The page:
But the National Front stands on the extreme right edge of French politics, with an obsession for national sovereignty and its corollaries: closed borders and safe streets.
Critics say the Front’s tough stance on immigration has crossed the line into racism and hate-mongering. When Marine Le Pen’s father and predecessor, Jean-Marie Le Pen, unexpectedly qualified for the second round of presidential elections in 2002, the New York Times called his message “odiously xenophobic, laced with anti-Semitic overtones.”
Jean-Marie Le Pen has indeed famously — and repeatedly — called the gas chambers in Nazi camps “a detail of World War II history.” He has uttered other outrageous comments that have made him a magnet for controversy. A debate usually follows each of his public remarks: should the National Front even be allowed to exist in a democracy?
Marine Le Pen is presenting a softer, more modern face, in an attempt to capitalise on widespread discontent over France’s conservative alternative, incumbent President Nicolas Sarkozy.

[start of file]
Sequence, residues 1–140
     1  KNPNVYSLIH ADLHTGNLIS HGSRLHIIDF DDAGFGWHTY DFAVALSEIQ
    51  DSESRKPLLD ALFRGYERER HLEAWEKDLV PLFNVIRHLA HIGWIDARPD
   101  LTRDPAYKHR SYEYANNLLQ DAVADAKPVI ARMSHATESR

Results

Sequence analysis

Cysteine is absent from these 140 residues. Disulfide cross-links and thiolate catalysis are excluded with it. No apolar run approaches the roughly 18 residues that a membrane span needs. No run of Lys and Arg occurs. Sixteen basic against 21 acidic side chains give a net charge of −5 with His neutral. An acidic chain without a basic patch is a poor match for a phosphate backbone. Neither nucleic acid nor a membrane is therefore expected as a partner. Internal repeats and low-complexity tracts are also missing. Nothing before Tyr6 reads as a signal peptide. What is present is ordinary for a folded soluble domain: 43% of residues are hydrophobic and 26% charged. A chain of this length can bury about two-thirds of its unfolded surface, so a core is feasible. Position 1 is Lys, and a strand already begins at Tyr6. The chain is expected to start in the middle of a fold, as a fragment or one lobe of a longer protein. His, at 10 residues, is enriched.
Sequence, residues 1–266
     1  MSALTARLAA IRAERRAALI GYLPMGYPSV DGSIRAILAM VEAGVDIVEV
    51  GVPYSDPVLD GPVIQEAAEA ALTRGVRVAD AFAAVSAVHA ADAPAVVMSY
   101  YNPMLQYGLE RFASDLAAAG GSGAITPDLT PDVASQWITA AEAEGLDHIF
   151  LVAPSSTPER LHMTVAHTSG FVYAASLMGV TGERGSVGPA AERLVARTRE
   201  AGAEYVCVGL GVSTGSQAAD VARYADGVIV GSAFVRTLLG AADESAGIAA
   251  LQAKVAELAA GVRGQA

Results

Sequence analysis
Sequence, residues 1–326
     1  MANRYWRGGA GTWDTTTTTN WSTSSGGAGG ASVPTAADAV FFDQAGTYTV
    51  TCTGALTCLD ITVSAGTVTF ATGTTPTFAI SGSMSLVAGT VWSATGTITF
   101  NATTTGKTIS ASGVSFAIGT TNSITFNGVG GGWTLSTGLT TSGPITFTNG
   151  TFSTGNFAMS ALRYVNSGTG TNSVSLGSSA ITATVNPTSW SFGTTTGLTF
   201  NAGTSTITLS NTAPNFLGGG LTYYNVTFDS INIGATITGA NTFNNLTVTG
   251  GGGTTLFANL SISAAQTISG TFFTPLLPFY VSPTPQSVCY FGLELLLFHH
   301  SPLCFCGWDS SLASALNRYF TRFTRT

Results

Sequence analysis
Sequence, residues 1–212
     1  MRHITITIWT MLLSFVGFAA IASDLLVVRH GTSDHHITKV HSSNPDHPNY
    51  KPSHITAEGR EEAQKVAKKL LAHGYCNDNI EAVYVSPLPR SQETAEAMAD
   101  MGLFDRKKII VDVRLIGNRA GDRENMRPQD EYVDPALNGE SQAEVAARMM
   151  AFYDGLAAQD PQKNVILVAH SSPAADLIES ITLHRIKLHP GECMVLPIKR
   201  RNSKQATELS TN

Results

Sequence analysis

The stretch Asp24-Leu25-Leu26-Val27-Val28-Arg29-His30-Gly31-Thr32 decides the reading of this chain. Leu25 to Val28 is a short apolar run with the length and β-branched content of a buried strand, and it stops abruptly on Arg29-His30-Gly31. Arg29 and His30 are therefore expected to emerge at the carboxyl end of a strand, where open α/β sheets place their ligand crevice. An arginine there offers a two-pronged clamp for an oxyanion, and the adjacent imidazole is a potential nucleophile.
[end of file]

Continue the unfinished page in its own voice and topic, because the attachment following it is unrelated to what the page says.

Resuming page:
The effort is bearing some fruit.
A polished, blonde 43-year-old woman, the twice divorced mother of three took the reins in January 2011, after nearly 40 years of her father’s reign on the party he founded.
“She’s striving to banish from her discourse a number of controversial things that made her father persona non grata,” said Jerome Fourquet, director of the opinion department at IFOP, a polling institute.
Against the opinion of several National Front heavy weights, she expelled from the party an elected official who had been seen performing a Nazi salute in a photo published online. She also suspended a party member who blogged his support for the ideas of Norwegian extremist Anders Behring Breivik, who killed 77 people in attacks in Oslo in July.